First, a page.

We've Got Hollywood Covered

RIP William Goldman: Robert Redford, Cary Elwes, Ben Stiller and More Pay Their Respects

”His book on screenwriting was a touchstone for me and I always felt starstruck seeing him at Knicks games,“ Stiller says

Hollywood is paying their respects to Oscar-winning screenwriter and novelist William Goldman, who died Friday at age 87.

The influential writer behind “Butch Cassidy and the Sundance Kid,” “All the President’s Men” and the novel “The Princess Bride” left a mark on Hollywood’s crop of modern writers and directors, who today took to Twitter to celebrate his work and the impact he left on them.

“His book on screenwriting was a touchstone for me and I always felt starstruck seeing him at Knicks games,” actor and director Ben Stiller said in a tweet.

“We had a long earlier history and I’m sorry to hear of his passing,” Robert Redford said in a quote to TheWrap.

“I was lucky as hell to count Bill as a mentor and a friend,” said Ron Howard in a tweet. “Check his credits & see a William Goldman movie or read a Goldman book over the holiday & give thanks that we had his voice in our world.”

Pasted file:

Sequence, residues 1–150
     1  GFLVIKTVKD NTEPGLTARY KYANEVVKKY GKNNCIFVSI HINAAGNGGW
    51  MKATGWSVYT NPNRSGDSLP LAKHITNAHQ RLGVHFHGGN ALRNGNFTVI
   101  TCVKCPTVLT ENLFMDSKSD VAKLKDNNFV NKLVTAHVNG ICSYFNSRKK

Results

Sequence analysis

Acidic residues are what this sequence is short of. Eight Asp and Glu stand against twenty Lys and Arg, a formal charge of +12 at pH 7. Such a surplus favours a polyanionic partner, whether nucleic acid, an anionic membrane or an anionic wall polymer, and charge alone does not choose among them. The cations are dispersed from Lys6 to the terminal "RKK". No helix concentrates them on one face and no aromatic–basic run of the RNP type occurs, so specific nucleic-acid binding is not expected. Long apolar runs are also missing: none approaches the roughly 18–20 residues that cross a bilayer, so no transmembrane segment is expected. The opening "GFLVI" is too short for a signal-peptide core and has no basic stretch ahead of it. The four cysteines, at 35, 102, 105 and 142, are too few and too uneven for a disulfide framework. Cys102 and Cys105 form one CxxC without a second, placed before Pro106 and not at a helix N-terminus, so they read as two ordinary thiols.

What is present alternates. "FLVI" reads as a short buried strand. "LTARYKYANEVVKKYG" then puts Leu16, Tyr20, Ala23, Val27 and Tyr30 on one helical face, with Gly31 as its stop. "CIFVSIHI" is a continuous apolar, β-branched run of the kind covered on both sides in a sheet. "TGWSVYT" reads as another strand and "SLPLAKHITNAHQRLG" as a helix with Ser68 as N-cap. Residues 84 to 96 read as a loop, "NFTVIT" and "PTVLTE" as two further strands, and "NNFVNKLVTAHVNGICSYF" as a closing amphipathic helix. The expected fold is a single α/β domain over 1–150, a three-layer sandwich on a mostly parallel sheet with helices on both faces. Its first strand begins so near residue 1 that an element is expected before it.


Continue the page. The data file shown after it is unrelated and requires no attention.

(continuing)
“Today we lost a National treasure. I give thanks not only for the immense talent of #BillGoldman but for the life and career he gave me by allowing me to portray Westley and giving me those three magical words to say: ‘As You Wish,'” Cary Ewles, star of “The Princess Bride” wrote on Instagram.

Several other Hollywood professionals not only shared quotes, photos or GIFs from some of his most famous films, but also mentioned how his book “Adventures in Screen Trade” shaped their career and writing.

“Bill was a consummate storyteller whose tales touched millions and will endure as pinnacles of the art form. Having worked with him for many years, I can attest that his brilliant and inventive work seemed to defy his own suggestion that “nobody knows anything” in movies. He was a true original and a wonderful friend who will be greatly missed. My thoughts are with his family, Walt Disney Studios Chairman Alan Horn in a statement. Horn worked with Goldman during their days at Embassy Pictures and at Castle Rock Entertainment.

Goldman is a two-time Oscar winner for both “Butch Cassidy” and “All the President’s Men” and also wrote films such as “Marathon Man,” “Misery,” “Chaplin” and many more. He died in his home in Manhattan Friday from complications of colon cancer and pneumonia.

Read some of the tweets celebrating his life below: